TT: If it’s a very simple typeface project, it won’t have much of an impact, but if it’s these more complicated typefaces with multilingual support and other Open Type features, it will cause basically a bloat in the font file.

LH: Yeah and additionally, let’s say you have a typeface just used for four letters on a page. You have a very small logo and it just has four characters in it. That would be an extremely tiny font file, which is wonderful. That’s what we would hope for. Or you could compare and contrast that with actually just rendering as an SVG, which could have a smaller file size. If you’re trying to support lots of different languages, or let’s say you’re using a typeface to provide icon support, you’re using a font for an icon, those can get really bloated really fast.

TT: That’s super cool. How can designers better take performance into consideration when they’re making design decisions?

Ways to Improve Performance

LH: So the first thing to be aware of is that Internet Explorer does some really ridiculous things when it comes to downloading fonts. If Internet Explorer IE8 or below sees a font file called in the CSS document, it’s going to just go ahead and download it, whether or not that’s actually even used in the page. And newer versions of IE with compatibility mode turned on also do the same thing. So just remember that even if you’re not using the font on the page itself, if you’re just calling it in the CSS file, users of IE will experience some pretty poor loading times. So definitely limit the number of fonts that you include.

Secondly, weigh aesthetics and performance. At Etsy, we used to have a listing page that had eight different font weights of Guardian included. It got so heavy. And that meant that every time a user loaded the page, the browser had to go and fetch all eight files, which, frankly, it takes a long time because most of this can’t be happening at the same time. It depends on how the browser’s working and what else has been loaded on the page. It’s a very poor user experience.

What the designers ended up doing was they took a look at how we’re using each of those font files and whether they could start to condense or combine the usage of different weights. They ended up narrowing it down to just two different weights of Guardian for headlines and display, and then one for body copy. And this means that we’re down from 8 to just 3 and we took additional steps to minimize the font file sizes as well, by going back to the original foundries and asking them for much more lightweight versions of the font files to use, optimized font weights.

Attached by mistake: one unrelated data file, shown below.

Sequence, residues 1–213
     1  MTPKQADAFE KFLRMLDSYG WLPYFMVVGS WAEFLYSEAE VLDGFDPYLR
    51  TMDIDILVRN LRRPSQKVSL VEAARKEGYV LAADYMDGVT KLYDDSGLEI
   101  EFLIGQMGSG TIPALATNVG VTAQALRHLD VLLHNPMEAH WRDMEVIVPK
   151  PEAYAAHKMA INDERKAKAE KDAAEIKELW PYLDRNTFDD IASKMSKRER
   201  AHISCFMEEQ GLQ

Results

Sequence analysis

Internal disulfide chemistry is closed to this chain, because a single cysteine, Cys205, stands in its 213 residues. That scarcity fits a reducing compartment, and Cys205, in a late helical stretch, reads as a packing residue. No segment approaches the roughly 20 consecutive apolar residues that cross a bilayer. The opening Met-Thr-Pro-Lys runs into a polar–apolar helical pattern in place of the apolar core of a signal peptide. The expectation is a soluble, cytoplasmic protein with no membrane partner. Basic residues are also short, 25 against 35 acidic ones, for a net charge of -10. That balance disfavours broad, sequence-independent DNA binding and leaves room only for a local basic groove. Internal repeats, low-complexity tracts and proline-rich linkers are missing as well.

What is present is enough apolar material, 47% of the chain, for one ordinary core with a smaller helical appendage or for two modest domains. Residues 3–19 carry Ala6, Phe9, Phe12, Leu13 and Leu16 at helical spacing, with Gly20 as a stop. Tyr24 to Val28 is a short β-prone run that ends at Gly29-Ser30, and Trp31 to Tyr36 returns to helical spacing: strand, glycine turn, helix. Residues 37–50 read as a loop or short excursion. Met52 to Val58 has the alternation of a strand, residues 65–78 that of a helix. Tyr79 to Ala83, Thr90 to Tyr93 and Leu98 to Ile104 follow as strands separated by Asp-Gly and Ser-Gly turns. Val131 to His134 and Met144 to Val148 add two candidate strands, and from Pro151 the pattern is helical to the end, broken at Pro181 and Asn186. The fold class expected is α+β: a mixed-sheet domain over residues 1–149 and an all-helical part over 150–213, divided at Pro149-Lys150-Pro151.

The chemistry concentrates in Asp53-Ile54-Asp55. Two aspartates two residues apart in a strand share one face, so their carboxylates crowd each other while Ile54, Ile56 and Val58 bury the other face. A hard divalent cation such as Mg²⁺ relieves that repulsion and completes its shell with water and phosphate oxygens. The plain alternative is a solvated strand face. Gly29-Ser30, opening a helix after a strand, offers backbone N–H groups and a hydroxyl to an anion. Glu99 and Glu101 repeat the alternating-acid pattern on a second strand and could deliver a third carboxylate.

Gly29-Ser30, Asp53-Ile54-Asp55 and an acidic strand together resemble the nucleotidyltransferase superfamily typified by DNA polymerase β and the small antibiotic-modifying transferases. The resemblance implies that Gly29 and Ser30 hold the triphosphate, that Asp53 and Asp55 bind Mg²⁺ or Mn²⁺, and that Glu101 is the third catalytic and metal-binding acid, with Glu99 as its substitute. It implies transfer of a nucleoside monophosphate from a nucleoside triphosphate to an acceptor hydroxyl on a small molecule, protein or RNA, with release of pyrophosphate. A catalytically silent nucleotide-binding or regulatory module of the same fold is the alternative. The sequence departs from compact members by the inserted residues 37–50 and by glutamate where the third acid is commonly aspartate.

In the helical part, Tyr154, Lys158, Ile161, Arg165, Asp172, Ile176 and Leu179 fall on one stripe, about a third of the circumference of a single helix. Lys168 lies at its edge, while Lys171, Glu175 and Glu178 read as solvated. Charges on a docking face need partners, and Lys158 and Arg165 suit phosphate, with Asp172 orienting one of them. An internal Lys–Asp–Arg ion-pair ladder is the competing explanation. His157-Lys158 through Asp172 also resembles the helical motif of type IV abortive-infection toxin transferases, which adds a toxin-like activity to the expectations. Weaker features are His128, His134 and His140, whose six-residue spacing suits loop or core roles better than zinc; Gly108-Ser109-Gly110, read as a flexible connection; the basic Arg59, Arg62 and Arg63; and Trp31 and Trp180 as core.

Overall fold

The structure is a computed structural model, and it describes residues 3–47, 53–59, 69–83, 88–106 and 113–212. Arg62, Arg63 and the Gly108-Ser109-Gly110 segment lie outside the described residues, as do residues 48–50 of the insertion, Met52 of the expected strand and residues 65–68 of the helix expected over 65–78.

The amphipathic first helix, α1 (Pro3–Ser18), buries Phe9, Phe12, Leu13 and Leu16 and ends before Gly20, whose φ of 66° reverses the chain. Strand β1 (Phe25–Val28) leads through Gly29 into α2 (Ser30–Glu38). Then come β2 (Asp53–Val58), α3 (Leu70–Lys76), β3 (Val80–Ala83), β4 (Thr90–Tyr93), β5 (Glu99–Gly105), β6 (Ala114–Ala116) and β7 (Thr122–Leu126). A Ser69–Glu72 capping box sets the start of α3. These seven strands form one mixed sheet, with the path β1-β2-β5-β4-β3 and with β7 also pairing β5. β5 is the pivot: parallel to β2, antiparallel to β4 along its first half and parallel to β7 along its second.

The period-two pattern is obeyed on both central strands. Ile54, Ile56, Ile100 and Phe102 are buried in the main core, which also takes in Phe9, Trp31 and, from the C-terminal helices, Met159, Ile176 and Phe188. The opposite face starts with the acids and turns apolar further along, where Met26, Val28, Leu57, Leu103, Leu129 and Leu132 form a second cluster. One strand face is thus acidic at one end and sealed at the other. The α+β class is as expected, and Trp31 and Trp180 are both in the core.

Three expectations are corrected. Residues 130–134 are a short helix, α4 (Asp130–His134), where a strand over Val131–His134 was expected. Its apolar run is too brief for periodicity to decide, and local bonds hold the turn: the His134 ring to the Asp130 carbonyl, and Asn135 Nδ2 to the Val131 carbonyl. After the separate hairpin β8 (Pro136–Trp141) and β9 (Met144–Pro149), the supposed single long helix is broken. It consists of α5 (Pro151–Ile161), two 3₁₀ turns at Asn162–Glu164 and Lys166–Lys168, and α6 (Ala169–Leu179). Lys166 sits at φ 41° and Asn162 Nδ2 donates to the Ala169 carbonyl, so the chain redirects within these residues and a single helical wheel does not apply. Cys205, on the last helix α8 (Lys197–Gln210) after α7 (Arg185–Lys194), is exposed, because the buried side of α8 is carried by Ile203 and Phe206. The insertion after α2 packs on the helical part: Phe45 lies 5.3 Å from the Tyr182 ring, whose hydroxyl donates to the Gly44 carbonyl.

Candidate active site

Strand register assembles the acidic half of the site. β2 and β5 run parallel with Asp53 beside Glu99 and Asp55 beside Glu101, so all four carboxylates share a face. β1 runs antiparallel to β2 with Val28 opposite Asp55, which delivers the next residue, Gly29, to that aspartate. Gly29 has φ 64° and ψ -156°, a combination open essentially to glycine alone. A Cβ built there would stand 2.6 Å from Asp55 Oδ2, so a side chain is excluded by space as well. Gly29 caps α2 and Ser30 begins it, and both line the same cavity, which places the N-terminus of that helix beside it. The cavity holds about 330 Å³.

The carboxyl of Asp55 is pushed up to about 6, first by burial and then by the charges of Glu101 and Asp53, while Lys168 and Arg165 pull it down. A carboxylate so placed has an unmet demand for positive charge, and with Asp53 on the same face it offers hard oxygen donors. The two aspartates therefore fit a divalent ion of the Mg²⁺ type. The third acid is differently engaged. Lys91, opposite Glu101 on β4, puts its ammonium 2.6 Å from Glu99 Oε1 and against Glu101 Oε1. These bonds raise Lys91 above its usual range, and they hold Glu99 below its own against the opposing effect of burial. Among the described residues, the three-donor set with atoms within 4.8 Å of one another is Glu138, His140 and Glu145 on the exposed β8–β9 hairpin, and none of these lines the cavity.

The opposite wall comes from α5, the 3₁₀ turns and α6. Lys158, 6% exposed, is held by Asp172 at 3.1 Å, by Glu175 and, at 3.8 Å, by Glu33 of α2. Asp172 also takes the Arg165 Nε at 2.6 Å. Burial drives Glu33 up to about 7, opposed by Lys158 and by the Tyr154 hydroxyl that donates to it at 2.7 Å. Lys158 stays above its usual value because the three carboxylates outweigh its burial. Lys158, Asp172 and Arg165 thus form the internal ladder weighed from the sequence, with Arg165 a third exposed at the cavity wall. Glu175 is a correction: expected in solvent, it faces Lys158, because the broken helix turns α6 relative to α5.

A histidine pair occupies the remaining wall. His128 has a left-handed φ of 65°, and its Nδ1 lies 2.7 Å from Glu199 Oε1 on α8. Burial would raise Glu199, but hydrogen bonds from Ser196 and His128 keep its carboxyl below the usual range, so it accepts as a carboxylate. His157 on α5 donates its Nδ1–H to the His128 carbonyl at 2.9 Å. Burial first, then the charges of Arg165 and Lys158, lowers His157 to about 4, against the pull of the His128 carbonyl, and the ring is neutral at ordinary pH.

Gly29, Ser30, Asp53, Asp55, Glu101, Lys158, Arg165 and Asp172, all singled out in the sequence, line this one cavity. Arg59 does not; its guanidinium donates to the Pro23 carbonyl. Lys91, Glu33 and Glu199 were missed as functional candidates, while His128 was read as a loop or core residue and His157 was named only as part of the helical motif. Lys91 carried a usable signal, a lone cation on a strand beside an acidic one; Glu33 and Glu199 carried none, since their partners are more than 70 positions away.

TT: So you’re saying that, to summarize, more tight design decisions to consider font choices intentionally?

Any performance work that you can do will help clarify the point of the page or the patterns that get repurposed.

Performance and Aesthetics Can Work Together.

LH: Absolutely. I would say also it helped not just with performance overhead, but also helped with some of our branding overhead. Because we were using so many different font weights at different scales with abandon, it made it really hard for designers to build out new product pages or new features and to understand how they were supposed to be using any of our typefaces. There wasn’t any consistency across the site or across our different platforms, including Android and iOS. So by combining and condensing the way we use weights and the scale for all of our fonts, two designers ended up creating a new pattern for people to use. That way people using a style guide internally are able to build out anything new and revise all sorts of old pages to adhere to the new pattern for again consistency and branding, but also definitely for performance.

TT: It’s like what you said earlier that performance and aesthetics don’t have to be antagonistic towards each other. They actually can serve a purpose together.

LH: I would say in general any performance work that you can do will help clarify the point of the page or the patterns that get repurposed. All that stuff makes such a good user experience, but also, frankly, saves you a lot of brain work when it comes to creating new stuff.

TT: This has been a great conversation, Lara. Thank you so much for your time.

LH: Yeah. Absolutely. Thank you!